Author David Storey won the 21,000-pound prize for his novel Saville through sheer luck in 1976, after a three-judge panel was unable to decide on a winner, the prize's former administrator Martyn Goff has revealed.
According to a report in 'The Guardian, an interview with the late Goff, made public in a new film from the British Library drawing on hundreds of hours of audio interviews about the prize, novelist Walter Allen and critic Francis King were torn between Storey's novel and another book.
Mary Wilson, the poet and wife of Prime Minister Harold Wilson, should have had the deciding vote, but she was so offended by the amount of sex in that year's novels she refused to take part in the debate.
"She was sort of leaving it to the other two judges. And they could not agree and she didn't want to vote, and we got to a total stalemate," Goff said.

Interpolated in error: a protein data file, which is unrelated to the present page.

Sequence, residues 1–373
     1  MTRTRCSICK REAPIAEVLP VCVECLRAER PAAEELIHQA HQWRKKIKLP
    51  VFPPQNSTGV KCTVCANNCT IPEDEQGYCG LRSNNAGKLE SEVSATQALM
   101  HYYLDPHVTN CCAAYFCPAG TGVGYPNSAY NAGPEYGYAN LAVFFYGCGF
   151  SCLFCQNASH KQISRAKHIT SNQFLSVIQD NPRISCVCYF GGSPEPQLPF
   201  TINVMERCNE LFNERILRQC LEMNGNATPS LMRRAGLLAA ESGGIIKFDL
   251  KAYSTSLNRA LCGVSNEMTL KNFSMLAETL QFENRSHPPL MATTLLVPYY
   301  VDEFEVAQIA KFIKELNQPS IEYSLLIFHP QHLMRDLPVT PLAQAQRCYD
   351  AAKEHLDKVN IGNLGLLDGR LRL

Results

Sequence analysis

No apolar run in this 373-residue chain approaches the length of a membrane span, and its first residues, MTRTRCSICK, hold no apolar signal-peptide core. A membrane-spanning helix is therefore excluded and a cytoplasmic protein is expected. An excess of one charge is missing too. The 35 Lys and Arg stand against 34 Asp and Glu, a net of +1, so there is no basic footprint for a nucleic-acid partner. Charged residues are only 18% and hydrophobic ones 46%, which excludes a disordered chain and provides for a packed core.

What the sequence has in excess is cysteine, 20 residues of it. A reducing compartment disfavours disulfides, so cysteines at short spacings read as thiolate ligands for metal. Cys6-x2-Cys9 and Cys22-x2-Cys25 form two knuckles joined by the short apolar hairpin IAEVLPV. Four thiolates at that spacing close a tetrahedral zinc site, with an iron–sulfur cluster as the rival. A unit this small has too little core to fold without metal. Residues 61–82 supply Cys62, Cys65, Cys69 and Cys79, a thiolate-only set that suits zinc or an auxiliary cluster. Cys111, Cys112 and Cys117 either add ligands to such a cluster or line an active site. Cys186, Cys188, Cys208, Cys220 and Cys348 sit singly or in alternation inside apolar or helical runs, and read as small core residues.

"Eventually one of the other two judges said, 'Well, I'm in favour of one of the two books'. The other said 'I'm in favour of Storey', and the only thing we can do and this has never been revealed before is to toss for it, and they spun a coin and that was the winner," Goff said in the interview reported by the newspaper.
Along with the unusual way in which 1976's winner was chosen, the archive also reveals the scorn with which Rebecca West, who judged the prize in 1969 and 1970, regarded the contenders.
In one letter, West dismisses John le Carre as writing "according to formula", Kingsley Amis as "curiously disappointing", Wendy Owen as "a half-wit" and Melvyn Bragg as "grossly over written," the report said.
The archive also unveils that Malcolm Muggeridge quit the judging panel in 1971 as, like Mary Wilson, he thought most of the books had too much sex in them and Saul Bellow tried to have that year's winner V S Naipaul kicked from the shortlist, as he thought Naipaul's episodic book 'In a Free State' was not really a novel.
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